Rare Hematology News

Disease Profile

X-linked creatine deficiency

Prevalence
Prevalence estimates on Rare Medical Network websites are calculated based on data available from numerous sources, including US and European government statistics, the NIH, Orphanet, and published epidemiologic studies. Rare disease population data is recognized to be highly variable, and based on a wide variety of source data and methodologies, so the prevalence data on this site should be assumed to be estimated and cannot be considered to be absolutely correct.

Unknown

Age of onset

Infancy

ageofonset-infancy.svg

ICD-10

E72.8

Inheritance

Autosomal dominant A pathogenic variant in only one gene copy in each cell is sufficient to cause an autosomal dominant disease

no.svg

Autosomal recessive Pathogenic variants in both copies of each gene of the chromosome are needed to cause an autosomal recessive disease and observe the mutant phenotype

no.svg

X-linked
dominant X-linked dominant inheritance, sometimes referred to as X-linked dominance, is a mode of genetic inheritance by which a dominant gene is carried on the X chromosome.

no.svg

X-linked
recessive Pathogenic variants in both copies of a gene on the X chromosome cause an X-linked recessive disorder

rnn-xlinkedrecessive.svg

Mitochondrial or multigenic Mitochondrial genetic disorders can be caused by changes (mutations) in either the mitochondrial DNA or nuclear DNA that lead to dysfunction of the mitochondria and inadequate production of energy.

no.svg

Multigenic or multifactor Inheritance involving many factors, of which at least one is genetic but none is of overwhelming importance, as in the causation of a disease by multiple genetic and environmental factors.

no.svg

Not applicable

notapplicable.svg

Other names (AKA)

X-linked creatine transporter deficiency; X-linked creatine deficiency syndrome; Creatine deficiency, X-linked

Categories

Congenital and Genetic Diseases; Metabolic disorders; Nervous System Diseases;

Summary

X-linked creatine deficiency primarily affects development of the brain and nervous system. Symptoms can begin at any age, but usually begin in early childhood. These symptoms can include mild to severe intellectual disability, delayed speech development, behavioral problems, and seizures. The intellectual disability may get worse over time. X-linked creatine deficiency is caused by a SLC6A8 gene that is not working correctly. It is inherited in an X-linked pattern. Diagnosis is based on screening tests, clinical exam, and genetic testing. Treatment is focused on managing the symptoms.[1][2][3][4]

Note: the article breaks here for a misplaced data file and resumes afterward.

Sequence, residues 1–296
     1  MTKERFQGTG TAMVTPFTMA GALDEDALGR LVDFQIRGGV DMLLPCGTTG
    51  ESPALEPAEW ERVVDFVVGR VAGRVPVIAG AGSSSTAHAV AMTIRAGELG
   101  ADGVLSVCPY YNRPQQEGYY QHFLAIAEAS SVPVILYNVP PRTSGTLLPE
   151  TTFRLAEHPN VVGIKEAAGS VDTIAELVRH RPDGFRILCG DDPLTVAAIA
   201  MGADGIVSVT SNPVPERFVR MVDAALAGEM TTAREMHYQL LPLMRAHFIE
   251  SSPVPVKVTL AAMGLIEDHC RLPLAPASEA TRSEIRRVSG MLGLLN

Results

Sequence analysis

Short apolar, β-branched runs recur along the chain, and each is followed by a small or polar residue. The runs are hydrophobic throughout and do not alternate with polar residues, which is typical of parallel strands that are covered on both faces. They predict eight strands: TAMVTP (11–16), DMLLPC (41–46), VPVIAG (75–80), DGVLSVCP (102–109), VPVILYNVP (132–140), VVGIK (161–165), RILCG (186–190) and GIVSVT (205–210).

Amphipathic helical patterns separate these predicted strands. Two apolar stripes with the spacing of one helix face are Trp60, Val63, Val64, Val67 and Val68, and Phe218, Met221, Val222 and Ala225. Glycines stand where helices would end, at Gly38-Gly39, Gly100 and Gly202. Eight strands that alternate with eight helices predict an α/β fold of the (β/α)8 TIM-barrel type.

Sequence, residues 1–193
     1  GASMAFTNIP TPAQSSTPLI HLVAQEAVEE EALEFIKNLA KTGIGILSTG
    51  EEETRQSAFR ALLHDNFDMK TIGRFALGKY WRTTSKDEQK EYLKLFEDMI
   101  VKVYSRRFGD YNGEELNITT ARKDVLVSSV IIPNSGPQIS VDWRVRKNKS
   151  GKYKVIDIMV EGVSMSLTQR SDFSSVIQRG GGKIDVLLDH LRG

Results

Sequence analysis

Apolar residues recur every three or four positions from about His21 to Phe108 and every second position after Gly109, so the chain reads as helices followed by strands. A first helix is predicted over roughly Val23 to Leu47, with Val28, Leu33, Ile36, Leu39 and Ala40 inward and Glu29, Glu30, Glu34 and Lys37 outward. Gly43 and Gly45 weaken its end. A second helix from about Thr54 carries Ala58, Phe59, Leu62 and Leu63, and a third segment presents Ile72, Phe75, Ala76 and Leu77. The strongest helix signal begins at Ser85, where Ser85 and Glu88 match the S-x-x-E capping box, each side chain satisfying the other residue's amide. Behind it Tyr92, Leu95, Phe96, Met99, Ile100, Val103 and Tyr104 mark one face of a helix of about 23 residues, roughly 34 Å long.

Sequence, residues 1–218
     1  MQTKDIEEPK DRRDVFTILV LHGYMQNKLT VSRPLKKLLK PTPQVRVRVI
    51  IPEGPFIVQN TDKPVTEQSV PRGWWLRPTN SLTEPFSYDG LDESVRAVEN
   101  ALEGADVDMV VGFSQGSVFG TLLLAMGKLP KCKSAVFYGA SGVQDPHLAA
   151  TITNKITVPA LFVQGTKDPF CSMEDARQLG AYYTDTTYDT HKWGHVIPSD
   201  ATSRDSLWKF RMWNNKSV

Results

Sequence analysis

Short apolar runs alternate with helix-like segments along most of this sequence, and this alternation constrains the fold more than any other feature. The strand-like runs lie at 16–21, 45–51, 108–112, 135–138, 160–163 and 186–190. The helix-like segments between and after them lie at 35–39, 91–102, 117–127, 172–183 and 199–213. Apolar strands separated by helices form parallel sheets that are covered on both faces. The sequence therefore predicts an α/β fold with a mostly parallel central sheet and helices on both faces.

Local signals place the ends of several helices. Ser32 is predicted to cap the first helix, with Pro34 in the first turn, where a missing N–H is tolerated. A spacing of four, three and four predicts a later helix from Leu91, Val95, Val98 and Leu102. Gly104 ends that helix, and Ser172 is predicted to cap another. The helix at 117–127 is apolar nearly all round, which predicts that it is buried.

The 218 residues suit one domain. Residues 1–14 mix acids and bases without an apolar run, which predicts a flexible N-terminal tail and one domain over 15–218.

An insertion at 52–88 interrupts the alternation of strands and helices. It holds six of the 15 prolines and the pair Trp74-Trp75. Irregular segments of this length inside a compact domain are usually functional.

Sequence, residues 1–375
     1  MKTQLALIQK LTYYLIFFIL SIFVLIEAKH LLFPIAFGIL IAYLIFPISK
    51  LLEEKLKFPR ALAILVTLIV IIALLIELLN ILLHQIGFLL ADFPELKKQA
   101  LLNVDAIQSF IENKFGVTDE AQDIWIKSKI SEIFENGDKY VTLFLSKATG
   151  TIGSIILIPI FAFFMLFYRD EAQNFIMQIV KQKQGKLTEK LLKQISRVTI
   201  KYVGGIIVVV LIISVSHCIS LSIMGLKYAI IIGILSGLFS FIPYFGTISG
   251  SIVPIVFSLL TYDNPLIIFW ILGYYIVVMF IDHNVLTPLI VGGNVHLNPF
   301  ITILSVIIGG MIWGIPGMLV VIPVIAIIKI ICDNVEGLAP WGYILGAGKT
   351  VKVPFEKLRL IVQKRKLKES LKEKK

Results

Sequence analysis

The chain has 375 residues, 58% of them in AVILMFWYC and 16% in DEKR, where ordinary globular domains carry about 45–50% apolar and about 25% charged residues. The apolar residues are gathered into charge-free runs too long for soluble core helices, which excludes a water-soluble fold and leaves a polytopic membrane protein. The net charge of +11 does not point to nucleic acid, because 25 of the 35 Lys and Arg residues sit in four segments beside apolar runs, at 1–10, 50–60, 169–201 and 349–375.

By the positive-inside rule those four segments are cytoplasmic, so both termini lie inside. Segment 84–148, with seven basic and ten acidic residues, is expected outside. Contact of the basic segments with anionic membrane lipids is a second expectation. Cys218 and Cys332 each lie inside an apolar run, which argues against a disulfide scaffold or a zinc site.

Symptoms

The following list includes the most common signs and symptoms in people with X-linked creatine deficiency. These features may be different from person to person. Some people may have more symptoms than others and symptoms can range from mild to severe. This list does not include every symptom or feature that has been described in this condition.

Signs and symptoms may include:[1][2][3]

  • Intellectual disability
  • Delayed speech and language development
  • Behavioral issues
  • Seizures
  • Low muscle tone (hypotonia)
  • Uncoordinated movement (ataxia)
  • Gastrointestinal symptoms

Symptoms usually begin in childhood, but sometimes occur much later. Some of the symptoms of X-linked creatine deficiency may get worse over time, especially intellectual disability.[1][2]

This table lists symptoms that people with this disease may have. For most diseases, symptoms will vary from person to person. People with the same disease may not have all the symptoms listed. This information comes from a database called the Human Phenotype Ontology (HPO) . The HPO collects information on symptoms that have been described in medical resources. The HPO is updated regularly. Use the HPO ID to access more in-depth information about a symptom.

Medical Terms Other Names
Learn More:
HPO ID
80%-99% of people have these symptoms
Abnormal circulating creatine concentration
Abnormality of creatine metabolism
0012113
Delayed speech and language development
Deficiency of speech development
Delayed language development
Delayed speech